Secretary of State Mike PompeoMichael (Mike) Richard PompeoGrassley: White House 'failed to address' if there was a 'good reason' for IG firings Overnight Defense: Pentagon watchdog sidelined by Trump resigns | Plan would reportedly bring troops in Afghanistan back by Election Day | Third service member dies from COVID-19 Ex-Pompeo staffers asked to sign letter against 'smear campaign' MORE will meet with Guatemalan President-elect Alejandro Giammattei at the State Department at 1 p.m. 

The Hill hosts the next installment in the Leadership in Action series next Tuesday, Sept. 10, at 1777 F Street NW. We will be joined by Reps. Buddy CarterEarl (Buddy) Leroy CarterLoeffler works to gain traction with conservatives amid Collins primary bid Republicans came to the table on climate this year Republicans storm closed-door hearing to protest impeachment inquiry MORE (R-Ga.), John Curtis (R-Utah) and Debbie DingellDeborah (Debbie) Ann DingellOVERNIGHT ENERGY: Coal company sues EPA over power plant pollution regulation | Automakers fight effort to freeze fuel efficiency standards | EPA watchdog may probe agency's response to California water issues Automakers fight effort to freeze fuel efficiency standards We owe front-line workers a debt of gratitude for their courage and compassion MORE (D-Mich.) to take the political pulse of the country's young voters and discuss what issues matter most as we approach the 2020 cycle. RSVP HERE.

ELSEWHERE

Brexit: British Prime Minister Boris Johnson was dealt yet another blow Wednesday as Parliament blocked his push to set a new election in mid-October as they continue to block his efforts to execute Brexit without a deal on Oct. 31. Johnson fell more than 130 votes short of triggering an election that would allow him to repeal the bill interfering with his plan to execute Brexit at the end of October (Reuters).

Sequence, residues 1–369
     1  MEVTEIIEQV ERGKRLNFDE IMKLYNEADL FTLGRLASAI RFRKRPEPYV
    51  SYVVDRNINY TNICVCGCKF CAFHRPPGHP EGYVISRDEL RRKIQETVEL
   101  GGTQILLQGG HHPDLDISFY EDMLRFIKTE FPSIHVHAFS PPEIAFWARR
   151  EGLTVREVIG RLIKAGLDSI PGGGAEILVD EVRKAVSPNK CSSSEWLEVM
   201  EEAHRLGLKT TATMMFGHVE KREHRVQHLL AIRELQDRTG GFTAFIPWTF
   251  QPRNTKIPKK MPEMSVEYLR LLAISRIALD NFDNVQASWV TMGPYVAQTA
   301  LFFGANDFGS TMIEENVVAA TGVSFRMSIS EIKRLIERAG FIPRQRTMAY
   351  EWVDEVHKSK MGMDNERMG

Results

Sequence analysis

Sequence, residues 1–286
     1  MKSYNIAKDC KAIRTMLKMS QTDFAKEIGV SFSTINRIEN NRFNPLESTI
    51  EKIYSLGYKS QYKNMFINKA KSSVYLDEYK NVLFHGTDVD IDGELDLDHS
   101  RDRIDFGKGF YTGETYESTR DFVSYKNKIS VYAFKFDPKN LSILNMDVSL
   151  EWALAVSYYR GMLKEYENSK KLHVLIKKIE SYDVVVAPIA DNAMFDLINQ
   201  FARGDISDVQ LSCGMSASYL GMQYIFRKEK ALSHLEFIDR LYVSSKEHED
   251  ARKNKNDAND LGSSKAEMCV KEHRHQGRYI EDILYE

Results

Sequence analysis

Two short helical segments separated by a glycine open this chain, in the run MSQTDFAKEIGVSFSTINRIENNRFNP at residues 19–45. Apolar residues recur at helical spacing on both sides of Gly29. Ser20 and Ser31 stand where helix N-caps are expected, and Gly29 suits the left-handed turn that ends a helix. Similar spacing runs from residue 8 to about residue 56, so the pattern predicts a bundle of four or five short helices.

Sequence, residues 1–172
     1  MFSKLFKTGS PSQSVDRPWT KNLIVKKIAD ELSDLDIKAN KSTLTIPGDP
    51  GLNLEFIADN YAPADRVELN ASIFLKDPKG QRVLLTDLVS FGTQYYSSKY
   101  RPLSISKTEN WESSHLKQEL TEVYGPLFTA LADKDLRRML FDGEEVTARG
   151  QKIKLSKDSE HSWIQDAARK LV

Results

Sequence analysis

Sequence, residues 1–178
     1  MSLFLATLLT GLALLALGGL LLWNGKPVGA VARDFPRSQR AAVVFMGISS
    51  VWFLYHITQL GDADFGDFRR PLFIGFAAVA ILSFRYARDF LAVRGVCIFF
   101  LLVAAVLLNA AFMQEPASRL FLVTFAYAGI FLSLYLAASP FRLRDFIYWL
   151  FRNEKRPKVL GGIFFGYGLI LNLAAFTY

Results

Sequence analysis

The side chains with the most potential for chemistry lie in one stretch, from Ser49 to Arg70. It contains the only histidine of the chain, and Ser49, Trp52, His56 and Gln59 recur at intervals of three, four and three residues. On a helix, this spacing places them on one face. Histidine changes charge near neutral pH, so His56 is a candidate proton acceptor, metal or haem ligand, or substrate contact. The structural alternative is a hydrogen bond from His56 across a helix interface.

Hong Kong: Hong Kong Leader Carrie Lam said Thursday that she was not pressured by mainland China into withdrawing an extradition bill that had sparked protests across the territory, and that it was her attempt to lower tensions. Protesters still have a list of other demands and have vowed to continue their demonstrations, though the extradition bill was the driving force behind the protests that started in June. Lam, however, says that her government will not and cannot accede to the other demands laid out by the protesters (The Associated Press).

Vatican: Pope FrancisPope FrancisPope calls for cooperation on coronavirus vaccine development, international sharing The Hill's Morning Report - Presented by Facebook - Trump, Congress close to deal on new coronavirus bill Pope calls for inequalities to be abolished after 'time of trial' MORE said on Wednesday that it is an “honor” to be criticized by conservative Catholics in the U.S. while on a lengthy flight from Rome to Maputo, Mozambique, as he kicks off  a week-long tour of Africa.   

“For me it's an honor they attack me, the Americans,” Francis told a French journalist when he was handed a book by the same journalist titled “Comment L'Amérique Veut Changer de Pape” or “How America Wants to Change the Pope.” Included in the book are criticisms from conservative Catholics against Francis over his past remarks on immigration and climate change (CBS News).

THE CLOSER

And finally … It’s Thursday, which means it’s time for this week’s Morning Report Quiz! Inspired by tonight’s kickoff of the NFL season, we’re eager for some smart guesses about NFL history and current events

Email your responses to aweaver@thehill.com, and please add “Quiz” to subject lines. Winners who submit correct answers will enjoy some richly deserved newsletter fame on Friday. 

The New England Patriots won their sixth Super Bowl title in February with their defeat of the Los Angeles Rams. How many Super Bowls has New England appeared in overall? 

  1.     7
  2.     9
  3.     11
  4.     12

 

The Chicago Bears unveiled a statue outside Soldier Field on Tuesday of which former legendary player ahead of their Thursday opener versus the Green Bay Packers? 

  1.     Walter Payton
  2.     Gale Sayers
  3.     Mike Ditka 
  4.     Jay Cutler

 

The Dallas Cowboys announced Wednesday that they reached a contract extension with which key player and NFL rushing champion ahead of Week 1?

  1.     Amari Cooper
  2.     Dak Prescott
  3.     Melvin Gordon
  4.     Ezekiel Elliott

 

New England Patriots quarterback Tom Brady is the only player to win six Super Bowl rings. Who is the only other NFL player to have won five Super Bowl rings?

  1.     Charles Haley
  2.     Lynn Swann
  3.     Adam Vinatieri
  4.     Jerry Rice